Addis, Roberta and Campesi, Ilaria and Fois, Marco and Capobianco, Giampiero and Dessole, Salvatore and Fenu, Grazia and Montella, Andrea Costantino Mario and Cattaneo, Maria Grazia and Vicentini, Lucia M. and Franconi, Flavia (2014) Human umbilical endothelial cells (HUVECs) have a sex: characterisation of the phenotype of male and female cells. Biology of sex differences, Vol. 5 (1), p. 18. eISSN 2042-6410. Article.
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Background: Human umbilical endothelial cells (HUVECs) are widely used to study the endothelial physiology and pathology that might be involved in sex and gender differences detected at the cardiovascular level. This study evaluated whether HUVECs are sexually dimorphic in their morphological, proliferative and migratory properties and in the gene and protein expression of oestrogen and androgen receptors and nitric oxide synthase 3 (NOS3). Moreover, because autophagy is influenced by sex, its degree was analysed in male and female HUVECs (MHUVECs
Methods: Umbilical cords from healthy, normal weight male and female neonates born to healthy non-obese and non-smoking women were studied. HUVEC morphology was analysed by electron microscopy, and their function
was investigated by proliferation, viability, wound healing and chemotaxis assays. Gene and protein expression for
oestrogen and androgen receptors and for NOS3 were evaluated by real-time PCR and Western blotting, respectively, and the expression of the primary molecules involved in autophagy regulation [protein kinase B (Akt), mammalian target of rapamycin (mTOR), beclin-1 and microtubule-associated protein 1 light chain 3 (LC3)] were detected by Western blotting.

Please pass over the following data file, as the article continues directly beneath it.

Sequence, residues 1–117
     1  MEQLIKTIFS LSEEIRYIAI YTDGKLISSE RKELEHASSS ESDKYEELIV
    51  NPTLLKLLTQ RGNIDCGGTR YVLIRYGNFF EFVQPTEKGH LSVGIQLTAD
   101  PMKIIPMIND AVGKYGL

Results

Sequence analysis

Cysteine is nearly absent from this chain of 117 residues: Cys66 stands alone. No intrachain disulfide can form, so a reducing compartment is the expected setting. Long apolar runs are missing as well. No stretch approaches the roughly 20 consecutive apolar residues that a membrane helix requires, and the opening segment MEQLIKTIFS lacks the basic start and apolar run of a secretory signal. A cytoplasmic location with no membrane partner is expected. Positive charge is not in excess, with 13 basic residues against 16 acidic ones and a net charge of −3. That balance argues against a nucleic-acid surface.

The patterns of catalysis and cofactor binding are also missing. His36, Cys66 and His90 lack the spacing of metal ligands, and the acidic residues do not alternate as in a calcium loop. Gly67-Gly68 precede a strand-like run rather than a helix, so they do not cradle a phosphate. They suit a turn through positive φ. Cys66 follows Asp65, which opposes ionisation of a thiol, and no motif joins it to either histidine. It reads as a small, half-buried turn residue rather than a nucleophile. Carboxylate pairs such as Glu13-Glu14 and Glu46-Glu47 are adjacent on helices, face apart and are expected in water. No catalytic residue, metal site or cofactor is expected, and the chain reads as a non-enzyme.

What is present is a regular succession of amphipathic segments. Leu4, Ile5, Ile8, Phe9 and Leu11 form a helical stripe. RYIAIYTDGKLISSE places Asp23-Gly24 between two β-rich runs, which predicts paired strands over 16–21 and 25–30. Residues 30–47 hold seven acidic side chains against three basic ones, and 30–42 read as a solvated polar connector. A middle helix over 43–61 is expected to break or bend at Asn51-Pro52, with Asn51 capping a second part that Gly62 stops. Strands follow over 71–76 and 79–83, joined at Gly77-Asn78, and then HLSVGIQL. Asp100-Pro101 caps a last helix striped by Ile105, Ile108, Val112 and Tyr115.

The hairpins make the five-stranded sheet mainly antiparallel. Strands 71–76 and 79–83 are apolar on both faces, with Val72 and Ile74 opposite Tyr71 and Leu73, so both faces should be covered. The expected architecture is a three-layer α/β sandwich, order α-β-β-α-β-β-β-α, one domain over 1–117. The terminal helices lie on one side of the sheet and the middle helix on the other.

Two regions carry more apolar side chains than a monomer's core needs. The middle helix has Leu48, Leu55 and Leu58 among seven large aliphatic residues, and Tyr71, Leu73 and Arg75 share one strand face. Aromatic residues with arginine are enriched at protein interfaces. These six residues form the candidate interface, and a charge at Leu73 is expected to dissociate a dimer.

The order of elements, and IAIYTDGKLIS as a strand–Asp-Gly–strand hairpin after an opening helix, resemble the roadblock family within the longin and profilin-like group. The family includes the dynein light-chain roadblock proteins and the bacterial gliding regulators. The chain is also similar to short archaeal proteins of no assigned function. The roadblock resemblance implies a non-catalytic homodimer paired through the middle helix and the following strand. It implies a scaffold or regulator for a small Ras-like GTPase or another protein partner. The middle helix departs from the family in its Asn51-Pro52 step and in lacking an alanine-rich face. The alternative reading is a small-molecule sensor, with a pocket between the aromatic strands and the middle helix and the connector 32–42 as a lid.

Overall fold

Results: Cell proliferation, migration NOS3 mRNA and protein expression were significantly higher in FHUVECs
than in MHUVECs. Conversely, beclin-1 and the LC3-II/LC3-I ratio were higher in MHUVECs than in FHUVECs, indicating
that male cells are more autophagic than female cells. The expression of oestrogen and androgen receptor genes and
proteins, the protein expression of Akt and mTOR and cellular size and shape were not influenced by sex. Body weights of male and female neonates were not significantly different, but the weight of male babies positively correlated with the weight of the mother, suggesting that the mother’s weight may exert a different influence on male and female babies.
Conclusions: The results indicate that sex differences exist in prenatal life and are parameter-specific, suggesting that HUVECs of both sexes should be used as an in vitro model to increase the quality and the translational value of research. The sex differences observed in HUVECs could be relevant in explaining the diseases of adulthood because endothelial dysfunction has a crucial role in the pathogenesis of cardiovascular diseases, diabetes mellitus, neurodegeneration and
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